Algerian president promises major political reforms

ALGIERS Fri Apr 15, 2011 6:24pm EDT

Algeria's President Abdelaziz Bouteflika attends the opening session of the Arab League Second Economic Forum in the Red Sea resort of Sharm el-Sheikh January 19, 2011. REUTERS/Asmaa Waguih

Algeria's President Abdelaziz Bouteflika attends the opening session of the Arab League Second Economic Forum in the Red Sea resort of Sharm el-Sheikh January 19, 2011.

Credit: Reuters/Asmaa Waguih

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ALGIERS (Reuters) - Algerian President Abdelaziz Bouteflika promised on Friday to ensure free elections, amend the constitution and end jailing of journalists -- moves aimed at preventing local unrest turning into a national uprising.

Bouteflika, who had not spoken in public for at least three months, said he had decided to amend the constitution "to reinforce representative democracy" in Algeria.

In a 30 minute speech, Bouteflika announced he would change the electoral law in Algeria, which is due to hold the next presidential election in 2014.

"All measures will be taken to ensure free and fair elections including supervision by international observers," Bouteflika, 74, said in the speech broadcast by state-owned television.

Unlike the uprisings which toppled leaders in nearby Egypt and Tunisia, Algeria's protests are localized and have yet to coalesce into a nationwide political movement.

But the growing protests have become a daily occurrence in the capital and a threat to OPEC member Algeria's stability.

"I will urge the parliament to review all the legislative framework," said Bouteflika.

The army canceled elections in 1991 which Islamists under the banner of the Islamic Salvation Front looked set to win, plunging Algeria into a civil war that killed at least 150,000.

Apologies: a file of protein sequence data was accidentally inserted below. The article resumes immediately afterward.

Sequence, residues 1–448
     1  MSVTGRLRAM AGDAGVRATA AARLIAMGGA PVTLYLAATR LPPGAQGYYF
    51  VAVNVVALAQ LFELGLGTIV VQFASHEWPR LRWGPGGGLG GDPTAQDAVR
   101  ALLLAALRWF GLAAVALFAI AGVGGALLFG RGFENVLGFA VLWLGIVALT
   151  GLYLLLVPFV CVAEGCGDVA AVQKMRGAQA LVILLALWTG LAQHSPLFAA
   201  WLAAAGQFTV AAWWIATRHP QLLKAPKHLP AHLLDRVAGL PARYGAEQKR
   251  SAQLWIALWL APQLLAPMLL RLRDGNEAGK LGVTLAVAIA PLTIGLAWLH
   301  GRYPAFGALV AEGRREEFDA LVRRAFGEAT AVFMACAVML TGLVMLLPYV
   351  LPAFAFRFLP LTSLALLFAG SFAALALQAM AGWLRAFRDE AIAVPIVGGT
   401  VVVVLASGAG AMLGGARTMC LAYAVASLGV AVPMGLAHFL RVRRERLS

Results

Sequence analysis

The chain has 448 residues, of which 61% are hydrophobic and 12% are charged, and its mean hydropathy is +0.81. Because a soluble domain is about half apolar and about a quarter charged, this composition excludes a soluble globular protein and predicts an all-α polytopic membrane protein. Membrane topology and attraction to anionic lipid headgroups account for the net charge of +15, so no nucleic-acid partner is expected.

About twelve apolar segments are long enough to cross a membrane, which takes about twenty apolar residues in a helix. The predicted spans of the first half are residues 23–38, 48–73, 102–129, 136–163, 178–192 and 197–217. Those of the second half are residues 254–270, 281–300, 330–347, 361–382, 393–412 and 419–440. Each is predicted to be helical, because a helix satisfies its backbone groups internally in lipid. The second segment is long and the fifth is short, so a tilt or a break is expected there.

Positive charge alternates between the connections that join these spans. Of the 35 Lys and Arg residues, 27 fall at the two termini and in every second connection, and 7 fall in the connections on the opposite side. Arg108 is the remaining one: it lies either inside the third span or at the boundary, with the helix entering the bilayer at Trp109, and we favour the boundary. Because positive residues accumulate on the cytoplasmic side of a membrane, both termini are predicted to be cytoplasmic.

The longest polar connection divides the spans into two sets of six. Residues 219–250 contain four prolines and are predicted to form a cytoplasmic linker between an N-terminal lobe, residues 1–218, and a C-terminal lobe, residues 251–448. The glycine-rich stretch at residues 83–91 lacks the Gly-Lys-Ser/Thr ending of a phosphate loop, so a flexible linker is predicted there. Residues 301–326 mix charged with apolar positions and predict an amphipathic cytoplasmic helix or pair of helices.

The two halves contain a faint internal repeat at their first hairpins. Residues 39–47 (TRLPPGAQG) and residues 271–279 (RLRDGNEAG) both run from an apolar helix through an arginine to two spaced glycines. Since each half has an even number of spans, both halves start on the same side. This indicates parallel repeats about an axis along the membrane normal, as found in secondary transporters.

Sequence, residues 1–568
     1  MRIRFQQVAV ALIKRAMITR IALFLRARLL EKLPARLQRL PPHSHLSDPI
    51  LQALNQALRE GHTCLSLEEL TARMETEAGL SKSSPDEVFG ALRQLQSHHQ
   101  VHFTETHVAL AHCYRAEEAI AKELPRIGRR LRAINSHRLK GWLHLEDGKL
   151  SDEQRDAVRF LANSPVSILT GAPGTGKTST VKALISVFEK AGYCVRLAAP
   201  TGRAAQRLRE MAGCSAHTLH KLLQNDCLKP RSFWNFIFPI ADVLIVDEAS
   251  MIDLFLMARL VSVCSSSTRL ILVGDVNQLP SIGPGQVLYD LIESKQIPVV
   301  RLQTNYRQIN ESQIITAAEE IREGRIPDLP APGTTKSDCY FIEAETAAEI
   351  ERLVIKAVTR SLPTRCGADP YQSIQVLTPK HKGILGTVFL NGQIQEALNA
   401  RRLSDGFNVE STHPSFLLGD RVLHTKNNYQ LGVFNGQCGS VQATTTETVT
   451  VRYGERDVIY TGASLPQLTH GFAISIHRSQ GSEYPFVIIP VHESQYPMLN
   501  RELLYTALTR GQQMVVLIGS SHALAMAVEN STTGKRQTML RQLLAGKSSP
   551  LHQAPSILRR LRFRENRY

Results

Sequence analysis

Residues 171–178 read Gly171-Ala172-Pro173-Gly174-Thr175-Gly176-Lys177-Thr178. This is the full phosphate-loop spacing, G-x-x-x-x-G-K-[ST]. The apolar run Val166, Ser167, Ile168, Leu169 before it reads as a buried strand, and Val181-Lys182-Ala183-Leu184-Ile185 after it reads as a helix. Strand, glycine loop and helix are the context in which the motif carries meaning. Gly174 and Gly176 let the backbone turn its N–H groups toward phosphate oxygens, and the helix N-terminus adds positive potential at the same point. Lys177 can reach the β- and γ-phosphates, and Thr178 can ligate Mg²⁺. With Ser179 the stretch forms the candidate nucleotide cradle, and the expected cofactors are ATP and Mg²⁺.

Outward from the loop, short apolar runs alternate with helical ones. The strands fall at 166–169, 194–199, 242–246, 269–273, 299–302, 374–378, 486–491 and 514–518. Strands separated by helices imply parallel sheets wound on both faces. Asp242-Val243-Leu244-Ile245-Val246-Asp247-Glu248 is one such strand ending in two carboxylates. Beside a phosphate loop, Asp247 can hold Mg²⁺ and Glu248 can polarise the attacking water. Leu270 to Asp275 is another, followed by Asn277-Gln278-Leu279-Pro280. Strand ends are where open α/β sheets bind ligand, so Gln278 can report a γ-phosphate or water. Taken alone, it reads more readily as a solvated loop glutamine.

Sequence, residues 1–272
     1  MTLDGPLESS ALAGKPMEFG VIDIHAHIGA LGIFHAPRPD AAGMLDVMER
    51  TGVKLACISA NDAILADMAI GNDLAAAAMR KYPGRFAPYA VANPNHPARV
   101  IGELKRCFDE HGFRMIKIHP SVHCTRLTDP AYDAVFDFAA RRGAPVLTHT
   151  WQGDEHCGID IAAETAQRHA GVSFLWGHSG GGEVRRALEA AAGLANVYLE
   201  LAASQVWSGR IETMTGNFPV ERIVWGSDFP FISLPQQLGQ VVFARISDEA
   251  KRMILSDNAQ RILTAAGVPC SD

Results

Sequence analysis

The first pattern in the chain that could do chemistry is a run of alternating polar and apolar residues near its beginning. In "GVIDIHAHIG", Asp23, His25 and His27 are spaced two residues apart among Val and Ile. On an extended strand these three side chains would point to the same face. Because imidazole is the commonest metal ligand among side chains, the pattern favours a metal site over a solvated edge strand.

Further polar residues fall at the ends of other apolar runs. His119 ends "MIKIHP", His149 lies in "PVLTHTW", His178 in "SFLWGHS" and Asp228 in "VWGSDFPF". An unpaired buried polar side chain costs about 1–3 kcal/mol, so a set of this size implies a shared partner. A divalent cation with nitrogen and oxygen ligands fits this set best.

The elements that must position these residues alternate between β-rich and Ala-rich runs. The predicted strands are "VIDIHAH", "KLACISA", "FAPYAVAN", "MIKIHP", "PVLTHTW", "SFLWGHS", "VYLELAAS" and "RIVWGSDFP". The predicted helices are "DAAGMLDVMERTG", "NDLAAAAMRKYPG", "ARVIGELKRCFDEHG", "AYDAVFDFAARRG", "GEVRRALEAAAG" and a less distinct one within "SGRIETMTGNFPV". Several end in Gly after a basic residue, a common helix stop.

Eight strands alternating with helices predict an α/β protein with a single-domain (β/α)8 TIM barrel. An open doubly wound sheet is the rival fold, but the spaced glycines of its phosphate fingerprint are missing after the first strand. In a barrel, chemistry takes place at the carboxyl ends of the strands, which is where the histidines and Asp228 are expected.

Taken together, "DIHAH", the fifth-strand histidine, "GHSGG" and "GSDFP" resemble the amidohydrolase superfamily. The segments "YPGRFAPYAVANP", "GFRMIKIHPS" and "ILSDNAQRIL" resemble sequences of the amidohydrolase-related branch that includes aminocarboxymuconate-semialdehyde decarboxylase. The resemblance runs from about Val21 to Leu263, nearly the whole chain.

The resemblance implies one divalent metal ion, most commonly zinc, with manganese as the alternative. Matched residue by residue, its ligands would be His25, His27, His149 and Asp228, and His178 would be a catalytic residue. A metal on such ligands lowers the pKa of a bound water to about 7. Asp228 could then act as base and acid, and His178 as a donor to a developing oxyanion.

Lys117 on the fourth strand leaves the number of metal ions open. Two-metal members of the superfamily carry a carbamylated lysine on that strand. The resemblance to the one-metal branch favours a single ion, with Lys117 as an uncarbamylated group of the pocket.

Bouteflika also promised a new information law to replace the current one which provides for jail sentences of two to 12 months and fines from 50,000 to 250,000 dinars (about $1,000 to $5,000). The old law has been used to imprison journalists who wrote articles critical of Bouteflika.

Algeria's government strategy so far to deal with the wave of strikes and demonstrations has been to use oil money and give protesters what they want. But commentators say this has encouraged other people to take their demands to the streets.

Political analyst Mohamed Lagab cautiously welcomed Bouteflika's comments. "Acknowledging that political reforms -- and not only social and economic reforms -- will help to solve the crisis is key," Lagab, who teaches at Algiers University, told Reuters.

"But Bouteflika did not give a deadline for the reforms he announced and he did not sack the government yet," said Lagab.

(Reporting by Lamine Chikhi, Editing by David Stamp)

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